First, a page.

Cowboy Cop Lonny Hurlbut Rides Herd on Bad Guys in a Tiny California Town
07/22/1985 at 01:00 AM EDT
With a cigarette stuck between his lips and a gold star pinned to his chest, Lonny Hurlbut sits astride his horse surveying his chunk of the Wild West—the peaceful town of San Juan Bautista, Calif. Steely-eyed, a .357 Magnum holstered on his Levi's, he taps the brim of his black hat for the ladies and offers a macho-quick nod to the hombres and wide-eyed kids.
Police chief Lonny Hurlbut, 49, is living out a boyhood fantasy in grand California style. "I'm not a mean man," he says evenly. "But if enforcing the law means sticking a gun down some dirt-bag's throat, hell, I'll do it." Finally comes the laugh and Hurlbut adds, "No other cop is dumb enough to dress the way I do. I'd wear leotards if it would enforce the law."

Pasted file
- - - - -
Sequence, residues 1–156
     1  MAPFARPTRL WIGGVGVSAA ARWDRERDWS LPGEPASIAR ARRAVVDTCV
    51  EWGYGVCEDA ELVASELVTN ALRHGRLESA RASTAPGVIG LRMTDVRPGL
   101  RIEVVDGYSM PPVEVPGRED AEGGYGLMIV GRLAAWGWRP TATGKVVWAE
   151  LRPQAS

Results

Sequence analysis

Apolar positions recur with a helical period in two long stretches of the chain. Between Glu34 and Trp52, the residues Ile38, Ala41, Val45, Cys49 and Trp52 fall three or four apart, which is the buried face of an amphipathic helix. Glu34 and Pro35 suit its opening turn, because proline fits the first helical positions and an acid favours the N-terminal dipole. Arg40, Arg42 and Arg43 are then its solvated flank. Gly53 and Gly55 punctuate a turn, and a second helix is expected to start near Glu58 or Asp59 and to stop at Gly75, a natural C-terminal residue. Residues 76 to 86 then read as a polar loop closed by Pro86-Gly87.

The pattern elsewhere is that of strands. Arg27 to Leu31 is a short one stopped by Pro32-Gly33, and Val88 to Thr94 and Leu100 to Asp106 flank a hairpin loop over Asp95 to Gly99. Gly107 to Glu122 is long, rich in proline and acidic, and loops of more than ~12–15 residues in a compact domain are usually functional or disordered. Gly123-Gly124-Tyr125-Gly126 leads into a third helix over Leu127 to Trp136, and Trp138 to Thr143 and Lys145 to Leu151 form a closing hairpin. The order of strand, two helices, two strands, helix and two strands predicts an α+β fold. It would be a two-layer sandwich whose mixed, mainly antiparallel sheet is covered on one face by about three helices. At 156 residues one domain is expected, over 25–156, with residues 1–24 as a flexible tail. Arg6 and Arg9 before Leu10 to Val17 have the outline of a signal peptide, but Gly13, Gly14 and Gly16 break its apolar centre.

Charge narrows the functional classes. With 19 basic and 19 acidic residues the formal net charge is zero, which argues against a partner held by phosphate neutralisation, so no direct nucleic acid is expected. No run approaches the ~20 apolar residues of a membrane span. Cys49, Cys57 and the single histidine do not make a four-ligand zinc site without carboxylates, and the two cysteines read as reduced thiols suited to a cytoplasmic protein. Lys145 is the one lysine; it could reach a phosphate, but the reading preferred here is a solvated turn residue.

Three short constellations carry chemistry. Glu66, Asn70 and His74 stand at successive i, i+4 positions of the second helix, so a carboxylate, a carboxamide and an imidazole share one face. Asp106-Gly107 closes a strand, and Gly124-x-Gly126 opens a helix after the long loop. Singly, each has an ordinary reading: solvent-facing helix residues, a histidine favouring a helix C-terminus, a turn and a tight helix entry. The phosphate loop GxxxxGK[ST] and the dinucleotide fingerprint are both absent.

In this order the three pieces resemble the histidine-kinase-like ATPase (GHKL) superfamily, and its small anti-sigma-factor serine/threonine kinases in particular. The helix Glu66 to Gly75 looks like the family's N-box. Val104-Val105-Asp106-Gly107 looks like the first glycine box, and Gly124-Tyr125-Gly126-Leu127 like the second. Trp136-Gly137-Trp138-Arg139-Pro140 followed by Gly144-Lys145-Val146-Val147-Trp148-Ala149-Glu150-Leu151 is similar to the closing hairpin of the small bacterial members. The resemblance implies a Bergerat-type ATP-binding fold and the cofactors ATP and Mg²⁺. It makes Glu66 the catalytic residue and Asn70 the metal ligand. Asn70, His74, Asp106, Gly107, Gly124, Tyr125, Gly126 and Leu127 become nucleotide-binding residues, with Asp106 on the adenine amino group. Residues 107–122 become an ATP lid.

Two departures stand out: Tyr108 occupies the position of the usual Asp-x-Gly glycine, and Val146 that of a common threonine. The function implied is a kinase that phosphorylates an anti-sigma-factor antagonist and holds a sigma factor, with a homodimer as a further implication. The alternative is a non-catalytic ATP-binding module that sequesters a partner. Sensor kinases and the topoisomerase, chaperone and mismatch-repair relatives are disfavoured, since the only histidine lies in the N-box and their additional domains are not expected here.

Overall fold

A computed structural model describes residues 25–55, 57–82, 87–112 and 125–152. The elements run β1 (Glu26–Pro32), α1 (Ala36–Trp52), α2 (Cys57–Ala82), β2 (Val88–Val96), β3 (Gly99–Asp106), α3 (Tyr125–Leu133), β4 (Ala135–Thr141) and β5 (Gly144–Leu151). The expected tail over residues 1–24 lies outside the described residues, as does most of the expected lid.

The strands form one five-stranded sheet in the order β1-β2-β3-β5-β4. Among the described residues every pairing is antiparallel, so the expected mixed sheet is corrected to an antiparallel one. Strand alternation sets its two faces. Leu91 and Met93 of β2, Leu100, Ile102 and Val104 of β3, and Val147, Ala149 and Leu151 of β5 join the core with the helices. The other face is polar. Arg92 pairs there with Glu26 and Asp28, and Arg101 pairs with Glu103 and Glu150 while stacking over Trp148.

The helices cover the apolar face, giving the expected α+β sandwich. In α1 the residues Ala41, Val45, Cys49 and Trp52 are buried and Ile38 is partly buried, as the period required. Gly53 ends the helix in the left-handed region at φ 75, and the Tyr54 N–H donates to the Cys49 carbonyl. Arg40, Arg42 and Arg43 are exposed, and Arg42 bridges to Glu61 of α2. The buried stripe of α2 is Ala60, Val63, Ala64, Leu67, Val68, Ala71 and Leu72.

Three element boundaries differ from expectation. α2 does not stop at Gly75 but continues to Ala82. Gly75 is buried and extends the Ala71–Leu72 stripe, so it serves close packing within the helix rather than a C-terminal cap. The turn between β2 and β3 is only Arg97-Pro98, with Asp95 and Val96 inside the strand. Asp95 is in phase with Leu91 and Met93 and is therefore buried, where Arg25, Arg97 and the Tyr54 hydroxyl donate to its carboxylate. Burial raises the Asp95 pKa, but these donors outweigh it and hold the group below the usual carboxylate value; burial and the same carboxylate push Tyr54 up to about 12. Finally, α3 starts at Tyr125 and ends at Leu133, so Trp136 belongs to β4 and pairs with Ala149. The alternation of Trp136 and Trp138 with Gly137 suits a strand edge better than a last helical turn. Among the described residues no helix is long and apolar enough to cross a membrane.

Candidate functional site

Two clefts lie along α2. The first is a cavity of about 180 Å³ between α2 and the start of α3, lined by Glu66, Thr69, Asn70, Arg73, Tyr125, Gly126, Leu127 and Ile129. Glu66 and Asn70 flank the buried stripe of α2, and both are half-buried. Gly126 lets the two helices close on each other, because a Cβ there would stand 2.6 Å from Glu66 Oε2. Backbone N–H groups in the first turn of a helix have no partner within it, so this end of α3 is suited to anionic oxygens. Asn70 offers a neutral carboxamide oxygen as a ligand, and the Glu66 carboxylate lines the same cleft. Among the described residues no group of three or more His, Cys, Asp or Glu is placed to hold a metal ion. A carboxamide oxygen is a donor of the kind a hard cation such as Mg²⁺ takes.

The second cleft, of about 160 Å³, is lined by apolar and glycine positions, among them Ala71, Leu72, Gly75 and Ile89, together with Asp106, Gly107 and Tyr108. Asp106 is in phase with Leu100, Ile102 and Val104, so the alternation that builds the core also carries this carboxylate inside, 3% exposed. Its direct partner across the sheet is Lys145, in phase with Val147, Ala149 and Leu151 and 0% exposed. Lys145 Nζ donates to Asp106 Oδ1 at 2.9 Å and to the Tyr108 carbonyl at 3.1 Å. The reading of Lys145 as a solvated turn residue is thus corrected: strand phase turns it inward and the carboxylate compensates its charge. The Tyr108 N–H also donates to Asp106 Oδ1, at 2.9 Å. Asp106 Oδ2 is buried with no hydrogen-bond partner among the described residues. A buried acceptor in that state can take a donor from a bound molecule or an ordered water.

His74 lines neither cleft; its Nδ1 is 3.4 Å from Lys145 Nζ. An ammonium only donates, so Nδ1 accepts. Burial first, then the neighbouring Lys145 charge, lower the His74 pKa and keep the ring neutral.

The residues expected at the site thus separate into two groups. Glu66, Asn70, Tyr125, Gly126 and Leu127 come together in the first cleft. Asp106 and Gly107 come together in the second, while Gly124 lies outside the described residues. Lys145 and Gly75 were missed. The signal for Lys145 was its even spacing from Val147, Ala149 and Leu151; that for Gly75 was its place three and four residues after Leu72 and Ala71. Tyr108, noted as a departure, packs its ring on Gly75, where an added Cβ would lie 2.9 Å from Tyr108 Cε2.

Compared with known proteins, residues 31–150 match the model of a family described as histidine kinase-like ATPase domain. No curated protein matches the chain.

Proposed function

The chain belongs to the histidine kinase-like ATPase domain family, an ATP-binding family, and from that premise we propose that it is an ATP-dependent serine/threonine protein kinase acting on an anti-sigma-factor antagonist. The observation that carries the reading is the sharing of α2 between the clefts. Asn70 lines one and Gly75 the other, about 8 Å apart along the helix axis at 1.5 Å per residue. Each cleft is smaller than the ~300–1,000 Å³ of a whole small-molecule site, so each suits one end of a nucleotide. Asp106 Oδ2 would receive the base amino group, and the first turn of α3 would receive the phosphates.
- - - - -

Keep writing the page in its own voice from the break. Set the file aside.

Tiny San Juan Bautista (pop. 1,400) is the perfect place to carry off such an everyday cowboy gig. Since Hurlbut first donned his Western getup in 1982, he boasts, crime has dropped 65 to 70 percent. San Juan Bautista's 800,000 annual visitors come to see the historic mission but others want to chew the fat with the cowboy cop who actually comes from Ohio and only learned to ride a horse 2½ years ago.
Hurlbut had been a beat cop, then a security supervisor. Shortly after he was hired as chief he dressed in cowboy duds to publicize a town rodeo. He was such a hit that he's dressed Western ever since, patrolling from 7 a.m. to 7 p.m. (His two uniformed deputies have the night shift.) "Lonny is quite a, uh, unique individual," says Captain Terry Medina of the nearby Watsonville police department. "He has become a tourist attraction, but he hasn't lost his identity as a law officer."
Hurlbut's got a horse, a town straight off a Hollywood back lot and a family (wife Lee of 29 years and five children). What more could a good lawman want? "Before I get to that big precinct in the sky," says Hurlbut, "I'd like to be in a Western movie."
Ride 'em, Lonny.